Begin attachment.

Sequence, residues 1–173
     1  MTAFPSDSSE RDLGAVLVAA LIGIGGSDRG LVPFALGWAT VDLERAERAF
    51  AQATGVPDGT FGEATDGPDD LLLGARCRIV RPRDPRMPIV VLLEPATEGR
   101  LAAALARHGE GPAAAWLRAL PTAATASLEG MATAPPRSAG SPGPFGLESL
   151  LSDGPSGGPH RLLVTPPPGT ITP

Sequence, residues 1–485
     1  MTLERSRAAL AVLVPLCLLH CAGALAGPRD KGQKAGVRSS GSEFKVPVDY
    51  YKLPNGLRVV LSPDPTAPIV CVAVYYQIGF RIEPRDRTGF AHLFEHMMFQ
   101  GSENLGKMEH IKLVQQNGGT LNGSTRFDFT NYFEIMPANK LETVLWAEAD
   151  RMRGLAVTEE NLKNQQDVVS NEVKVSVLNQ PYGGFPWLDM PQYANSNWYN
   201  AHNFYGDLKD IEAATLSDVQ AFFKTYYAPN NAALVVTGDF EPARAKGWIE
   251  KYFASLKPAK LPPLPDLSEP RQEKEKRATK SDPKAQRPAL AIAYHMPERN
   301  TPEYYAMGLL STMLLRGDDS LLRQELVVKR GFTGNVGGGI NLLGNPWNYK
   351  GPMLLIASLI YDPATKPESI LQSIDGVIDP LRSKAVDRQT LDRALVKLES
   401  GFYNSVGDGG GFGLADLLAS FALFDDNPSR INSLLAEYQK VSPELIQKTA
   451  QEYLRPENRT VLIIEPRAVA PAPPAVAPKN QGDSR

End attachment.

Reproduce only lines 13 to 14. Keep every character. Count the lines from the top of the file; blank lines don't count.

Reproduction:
   301  TPEYYAMGLL STMLLRGDDS LLRQELVVKR GFTGNVGGGI NLLGNPWNYK
   351  GPMLLIASLI YDPATKPESI LQSIDGVIDP LRSKAVDRQT LDRALVKLES